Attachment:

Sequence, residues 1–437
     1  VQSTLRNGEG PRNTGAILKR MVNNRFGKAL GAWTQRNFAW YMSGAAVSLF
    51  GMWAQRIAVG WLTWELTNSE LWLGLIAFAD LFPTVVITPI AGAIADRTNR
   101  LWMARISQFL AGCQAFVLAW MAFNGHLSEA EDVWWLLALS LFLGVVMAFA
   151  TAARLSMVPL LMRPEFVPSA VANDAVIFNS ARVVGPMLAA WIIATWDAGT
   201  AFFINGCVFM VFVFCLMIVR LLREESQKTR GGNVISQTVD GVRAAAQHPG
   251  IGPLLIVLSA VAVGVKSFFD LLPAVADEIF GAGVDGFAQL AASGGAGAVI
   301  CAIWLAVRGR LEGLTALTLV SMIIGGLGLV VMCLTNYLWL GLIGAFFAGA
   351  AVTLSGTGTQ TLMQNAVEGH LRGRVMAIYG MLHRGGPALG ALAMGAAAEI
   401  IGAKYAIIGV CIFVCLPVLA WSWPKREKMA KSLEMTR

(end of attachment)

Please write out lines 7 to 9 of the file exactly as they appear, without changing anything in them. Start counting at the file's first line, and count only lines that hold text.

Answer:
   251  IGPLLIVLSA VAVGVKSFFD LLPAVADEIF GAGVDGFAQL AASGGAGAVI
   301  CAIWLAVRGR LEGLTALTLV SMIIGGLGLV VMCLTNYLWL GLIGAFFAGA
   351  AVTLSGTGTQ TLMQNAVEGH LRGRVMAIYG MLHRGGPALG ALAMGAAAEI